Skin cancer: More than skin deep

Gulf Coast Dermatology, Hudson, Florida, USA.
The Nurse practitioner 04/2009; 34(4):20-7; quiz 27-8. DOI: 10.1097/01.NPR.0000348317.53612.18
Source: PubMed


To provide the wound care practitioner with an updated overview of the epidemiology, clinical presentation, treatment, and prevention of skin cancer.

Target audience:
This continuing education activity is intended for physicians and nurses with an interest in skin and wound care.

After participating in this educational activity, the participant should be better able to: 1. Describe the epidemiology, pathophysiology, and clinical presentation of skin cancer. 2. Discuss the diagnosis, management, and prevention of skin cancer.

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    ABSTRACT: The TP53 gene has an important role in the protection of cells from DNA damage due to UV exposure, and sequence variation in the gene may alter skin cancer susceptibility. To examine the association between the TP53 Arg72Pro polymorphism and skin cancer risk, we undertook a meta-analysis of 15 case-control studies involving 6,362 subjects. The quality of the studies was assessed according to a predefined scale. Crude odds ratios (ORs) with 95% confidence intervals (CIs) were assessed for association using a random-effects model. Overall, no evidence of association was observed between TP53 genotypes and the risk of skin cancer in any genetic model (Arg/Arg vs. Pro/Pro: OR=1.05, 95% CI: 0.71-1.55; Arg/Pro vs. Pro/Pro: OR=0.92, 95% CI: 0.68-1.24; Arg/Arg+Arg/Pro vs. Pro/Pro: OR=0.97, 95% CI: 0.70-1.35; Arg/Arg vs. Arg/Pro+Pro/Pro: OR=1.15, 95% CI: 0.91-1.46). Stratified analyses according to ethnicity and quality score of the studies also detected no significant association in any subgroup. Furthermore, no effect of this polymorphism on subtype of skin cancer, such as melanoma, squamous cell carcinoma, and basal cell carcinoma, was observed. In conclusion, this meta-analysis suggests that the TP53 Arg72Pro polymorphism may have little involvement in skin cancer susceptibility.
    Journal of Investigative Dermatology 01/2011; 131(1):220-8. DOI:10.1038/jid.2010.270 · 7.22 Impact Factor
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    ABSTRACT: The xeroderma pigmentosum complementation group C gene (XPC) has been identified as important for repairing UV-related DNA damage. Some subtle changes in this gene may impair repair efficiency and influence susceptibility to human cancers, including skin cancer. Two polymorphisms in XPC, 939A>C (rs2228001) and 499C>T (rs2228000), are considered to have possible associations with the risk of skin cancer, but the reported results have been inconsistent. Here we performed a meta-analysis of the available evidence regarding the relationship between these two polymorphisms and the risk of skin cancer. All relevant studies were searched using PubMed, Embase and Web of Science before February 2012. A total of 8 case-control studies were included in this analysis, and no convincing associations between the two polymorphisms and risk of skin cancer were observed in any of the genetic models. Stratified analyses by skin cancer type also did not detect significant associations in any subgroup. This meta-analysis suggested that the XPC 939A>C and 499C>T polymorphisms may have little involvement in susceptibility to skin cancer.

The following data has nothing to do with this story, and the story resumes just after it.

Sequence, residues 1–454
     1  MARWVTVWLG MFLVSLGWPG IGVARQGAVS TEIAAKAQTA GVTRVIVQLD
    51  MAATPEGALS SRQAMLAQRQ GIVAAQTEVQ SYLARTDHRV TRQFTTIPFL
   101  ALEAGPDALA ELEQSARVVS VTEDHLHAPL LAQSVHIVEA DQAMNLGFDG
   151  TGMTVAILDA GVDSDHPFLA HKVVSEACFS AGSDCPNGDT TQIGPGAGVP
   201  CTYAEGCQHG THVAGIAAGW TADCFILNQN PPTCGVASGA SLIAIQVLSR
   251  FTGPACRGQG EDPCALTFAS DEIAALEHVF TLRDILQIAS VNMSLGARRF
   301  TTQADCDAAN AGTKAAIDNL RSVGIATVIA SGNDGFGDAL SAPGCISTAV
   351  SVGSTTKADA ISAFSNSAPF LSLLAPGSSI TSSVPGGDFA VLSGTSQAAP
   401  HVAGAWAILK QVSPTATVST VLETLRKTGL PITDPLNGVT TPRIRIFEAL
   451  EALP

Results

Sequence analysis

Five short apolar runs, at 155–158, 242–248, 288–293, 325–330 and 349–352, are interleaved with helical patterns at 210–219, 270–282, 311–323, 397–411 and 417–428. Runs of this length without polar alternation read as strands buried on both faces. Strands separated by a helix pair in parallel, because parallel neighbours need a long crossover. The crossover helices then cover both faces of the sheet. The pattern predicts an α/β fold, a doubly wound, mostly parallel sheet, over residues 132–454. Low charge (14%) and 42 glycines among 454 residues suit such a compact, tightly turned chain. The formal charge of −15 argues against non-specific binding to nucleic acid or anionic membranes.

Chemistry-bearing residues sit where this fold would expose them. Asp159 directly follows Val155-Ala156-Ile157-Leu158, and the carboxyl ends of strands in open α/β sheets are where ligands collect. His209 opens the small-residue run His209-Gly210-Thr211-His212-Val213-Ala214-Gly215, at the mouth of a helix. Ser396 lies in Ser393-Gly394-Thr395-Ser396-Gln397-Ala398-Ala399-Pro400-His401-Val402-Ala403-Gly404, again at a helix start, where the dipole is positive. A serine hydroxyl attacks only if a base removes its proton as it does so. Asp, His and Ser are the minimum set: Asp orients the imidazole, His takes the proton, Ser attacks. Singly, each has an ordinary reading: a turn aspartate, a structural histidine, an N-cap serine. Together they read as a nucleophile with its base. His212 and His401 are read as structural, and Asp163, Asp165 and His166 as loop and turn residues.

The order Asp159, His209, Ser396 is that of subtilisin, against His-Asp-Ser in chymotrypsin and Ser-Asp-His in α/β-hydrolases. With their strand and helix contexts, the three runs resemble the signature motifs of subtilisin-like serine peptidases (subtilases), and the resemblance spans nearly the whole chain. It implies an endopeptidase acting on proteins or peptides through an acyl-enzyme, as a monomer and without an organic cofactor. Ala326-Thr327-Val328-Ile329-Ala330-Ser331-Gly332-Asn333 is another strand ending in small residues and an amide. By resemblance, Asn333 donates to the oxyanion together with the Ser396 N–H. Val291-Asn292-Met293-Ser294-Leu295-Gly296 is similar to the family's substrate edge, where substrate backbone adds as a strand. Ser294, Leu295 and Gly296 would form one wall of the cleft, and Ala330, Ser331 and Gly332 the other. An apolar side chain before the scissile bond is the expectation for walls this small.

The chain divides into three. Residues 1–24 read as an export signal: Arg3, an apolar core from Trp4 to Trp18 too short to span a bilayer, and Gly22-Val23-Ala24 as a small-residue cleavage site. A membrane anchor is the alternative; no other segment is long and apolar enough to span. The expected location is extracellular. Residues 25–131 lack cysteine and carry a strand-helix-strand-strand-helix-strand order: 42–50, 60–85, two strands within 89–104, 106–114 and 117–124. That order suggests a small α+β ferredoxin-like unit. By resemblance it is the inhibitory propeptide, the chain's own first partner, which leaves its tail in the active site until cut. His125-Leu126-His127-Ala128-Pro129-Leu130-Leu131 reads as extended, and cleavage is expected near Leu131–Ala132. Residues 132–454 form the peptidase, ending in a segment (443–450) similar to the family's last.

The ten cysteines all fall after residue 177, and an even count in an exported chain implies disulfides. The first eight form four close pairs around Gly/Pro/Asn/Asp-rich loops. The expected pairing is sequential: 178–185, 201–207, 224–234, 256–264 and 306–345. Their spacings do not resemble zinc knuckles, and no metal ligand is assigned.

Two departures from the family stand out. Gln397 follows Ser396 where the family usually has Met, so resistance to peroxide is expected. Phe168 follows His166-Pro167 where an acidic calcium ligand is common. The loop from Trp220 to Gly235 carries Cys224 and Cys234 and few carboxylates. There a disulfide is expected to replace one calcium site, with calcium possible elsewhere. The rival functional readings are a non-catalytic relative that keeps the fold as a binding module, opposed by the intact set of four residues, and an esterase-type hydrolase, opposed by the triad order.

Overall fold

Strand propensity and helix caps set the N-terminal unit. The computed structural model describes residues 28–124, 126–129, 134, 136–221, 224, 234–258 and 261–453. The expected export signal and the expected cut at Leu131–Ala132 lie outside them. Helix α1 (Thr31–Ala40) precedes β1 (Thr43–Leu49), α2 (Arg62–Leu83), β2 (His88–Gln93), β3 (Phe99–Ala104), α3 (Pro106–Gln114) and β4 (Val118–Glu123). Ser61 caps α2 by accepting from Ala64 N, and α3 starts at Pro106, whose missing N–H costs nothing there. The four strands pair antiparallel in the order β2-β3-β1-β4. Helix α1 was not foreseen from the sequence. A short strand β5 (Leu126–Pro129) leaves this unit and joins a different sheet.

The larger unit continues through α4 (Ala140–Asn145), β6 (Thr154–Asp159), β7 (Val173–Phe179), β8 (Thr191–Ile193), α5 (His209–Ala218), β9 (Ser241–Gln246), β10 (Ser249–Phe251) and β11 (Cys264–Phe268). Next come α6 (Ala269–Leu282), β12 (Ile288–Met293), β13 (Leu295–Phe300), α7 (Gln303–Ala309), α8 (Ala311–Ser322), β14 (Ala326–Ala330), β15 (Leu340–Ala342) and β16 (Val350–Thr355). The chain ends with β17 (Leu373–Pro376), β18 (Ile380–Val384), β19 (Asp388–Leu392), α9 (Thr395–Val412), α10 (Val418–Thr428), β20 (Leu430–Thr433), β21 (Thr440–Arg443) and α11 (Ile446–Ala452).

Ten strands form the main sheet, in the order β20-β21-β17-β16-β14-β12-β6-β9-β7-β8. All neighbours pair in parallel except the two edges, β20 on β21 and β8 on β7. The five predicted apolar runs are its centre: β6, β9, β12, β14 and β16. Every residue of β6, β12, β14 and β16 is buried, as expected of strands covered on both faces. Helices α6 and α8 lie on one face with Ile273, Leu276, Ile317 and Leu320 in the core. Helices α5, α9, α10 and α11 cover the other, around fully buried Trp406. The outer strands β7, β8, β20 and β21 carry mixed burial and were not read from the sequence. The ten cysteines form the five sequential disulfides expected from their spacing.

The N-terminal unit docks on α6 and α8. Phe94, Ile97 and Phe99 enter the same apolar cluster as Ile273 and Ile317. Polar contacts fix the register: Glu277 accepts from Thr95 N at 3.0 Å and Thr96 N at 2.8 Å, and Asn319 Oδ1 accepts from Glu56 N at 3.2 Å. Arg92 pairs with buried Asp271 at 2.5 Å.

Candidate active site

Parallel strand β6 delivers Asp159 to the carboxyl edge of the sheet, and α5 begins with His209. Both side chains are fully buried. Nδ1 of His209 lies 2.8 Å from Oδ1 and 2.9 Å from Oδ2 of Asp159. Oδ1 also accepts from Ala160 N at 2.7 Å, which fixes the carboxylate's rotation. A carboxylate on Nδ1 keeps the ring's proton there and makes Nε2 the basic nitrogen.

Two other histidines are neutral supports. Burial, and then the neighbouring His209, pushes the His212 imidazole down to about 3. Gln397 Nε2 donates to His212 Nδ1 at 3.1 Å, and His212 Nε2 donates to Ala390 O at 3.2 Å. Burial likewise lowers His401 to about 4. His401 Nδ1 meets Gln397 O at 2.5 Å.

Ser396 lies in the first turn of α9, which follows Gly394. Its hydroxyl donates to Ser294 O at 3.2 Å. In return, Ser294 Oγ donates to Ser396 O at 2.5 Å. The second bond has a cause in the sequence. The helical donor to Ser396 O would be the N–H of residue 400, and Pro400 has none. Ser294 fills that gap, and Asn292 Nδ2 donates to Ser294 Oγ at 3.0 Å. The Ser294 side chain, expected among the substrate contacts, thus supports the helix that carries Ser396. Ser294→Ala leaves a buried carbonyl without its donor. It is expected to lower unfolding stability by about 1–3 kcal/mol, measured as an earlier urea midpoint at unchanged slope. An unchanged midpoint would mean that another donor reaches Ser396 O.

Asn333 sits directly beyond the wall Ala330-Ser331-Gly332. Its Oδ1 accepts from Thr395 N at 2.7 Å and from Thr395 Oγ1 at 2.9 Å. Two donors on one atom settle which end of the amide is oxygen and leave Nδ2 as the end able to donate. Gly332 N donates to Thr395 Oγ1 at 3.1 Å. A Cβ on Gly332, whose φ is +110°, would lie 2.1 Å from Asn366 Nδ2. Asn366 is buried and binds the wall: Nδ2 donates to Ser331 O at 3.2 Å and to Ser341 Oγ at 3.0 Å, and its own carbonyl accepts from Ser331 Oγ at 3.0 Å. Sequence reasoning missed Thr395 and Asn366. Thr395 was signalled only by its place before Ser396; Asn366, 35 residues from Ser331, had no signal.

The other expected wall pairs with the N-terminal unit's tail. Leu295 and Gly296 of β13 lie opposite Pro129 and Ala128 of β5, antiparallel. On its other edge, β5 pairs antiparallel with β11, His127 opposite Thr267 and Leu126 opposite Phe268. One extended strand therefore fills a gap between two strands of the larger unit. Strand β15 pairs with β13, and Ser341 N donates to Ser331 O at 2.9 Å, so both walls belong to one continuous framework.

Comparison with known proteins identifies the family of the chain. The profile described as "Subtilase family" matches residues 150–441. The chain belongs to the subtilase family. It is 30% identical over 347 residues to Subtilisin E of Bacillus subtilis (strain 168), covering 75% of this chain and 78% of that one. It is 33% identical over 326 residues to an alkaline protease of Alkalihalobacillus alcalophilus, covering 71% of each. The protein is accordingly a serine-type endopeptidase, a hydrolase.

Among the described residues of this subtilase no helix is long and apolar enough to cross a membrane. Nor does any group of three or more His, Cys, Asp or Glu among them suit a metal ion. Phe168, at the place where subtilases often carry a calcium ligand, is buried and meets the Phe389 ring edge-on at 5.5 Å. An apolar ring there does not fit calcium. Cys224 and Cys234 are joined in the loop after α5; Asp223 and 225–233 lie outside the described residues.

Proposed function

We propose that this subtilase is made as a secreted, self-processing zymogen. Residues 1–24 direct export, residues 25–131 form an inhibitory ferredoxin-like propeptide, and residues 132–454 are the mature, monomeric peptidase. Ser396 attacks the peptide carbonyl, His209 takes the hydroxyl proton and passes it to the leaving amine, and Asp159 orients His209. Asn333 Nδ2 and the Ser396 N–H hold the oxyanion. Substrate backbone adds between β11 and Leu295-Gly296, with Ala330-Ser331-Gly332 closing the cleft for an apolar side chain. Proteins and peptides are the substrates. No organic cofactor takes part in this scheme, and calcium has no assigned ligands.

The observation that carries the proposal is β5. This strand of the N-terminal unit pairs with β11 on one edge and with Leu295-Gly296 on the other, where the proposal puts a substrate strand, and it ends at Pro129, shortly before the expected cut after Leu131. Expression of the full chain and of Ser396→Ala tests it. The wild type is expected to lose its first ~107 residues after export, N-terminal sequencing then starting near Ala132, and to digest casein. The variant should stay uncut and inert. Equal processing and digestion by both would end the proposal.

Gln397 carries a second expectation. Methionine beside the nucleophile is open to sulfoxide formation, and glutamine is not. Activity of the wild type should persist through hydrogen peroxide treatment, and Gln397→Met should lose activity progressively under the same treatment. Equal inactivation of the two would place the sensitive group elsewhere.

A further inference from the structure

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    ABSTRACT: The p53 gene is a critical molecular in the protection of cells from DNA damage due to Ultraviolet (UV) exposure, and TP53 mutation is very common in non-melanoma skin cancer. To assess the association between the TP53 Arg72Pro polymorphism and non-melanoma skin cancer (NMSC) risk. We performed this meta-analysis with 13 case-control studies involving 3,520 cases and 3,587 controls. Our meta-analysis showed that TP53 Arg72Pro polymorphism was not associated with non-melanoma skin cancer susceptibility in overall population.(for Arg/Arg vs. Pro/Pro: OR 0.98, 95% CI 0.80-1.19; for Arg/Pro vs. Pro/Pro: OR 0.99, 95% CI 0.84-1.17; for the recessive model Arg/Arg vs. Arg/Pro + Pro/Pro: OR 1.10, 95% CI 0.89-1.35; for the dominant model Arg/Arg + Arg/Pro vs. Pro/Pro: OR 1.00, 95% CI 0.85-1.18). We also detected no effect of this polymorphism on any subtype of non-melanoma skin cancer, such as squamous cell carcinoma (SCC), and basal cell carcinoma (BCC). Furthermore, no significant association in any subgroup was detected in stratified analyses according to ethnicity. However, in the stratified analysis by sample collection resources, Arg/Arg carriers from tumor tissue subgroup had 3.42 times risk of cancer (95% CI, 1.19 to 9.84) as compared with the variant type Pro/Pro in NMSC. TP53 Arg72Pro polymorphism may have little involvement in the pathogenesis of NMSC, regardless of type, including SCC, and BCC.
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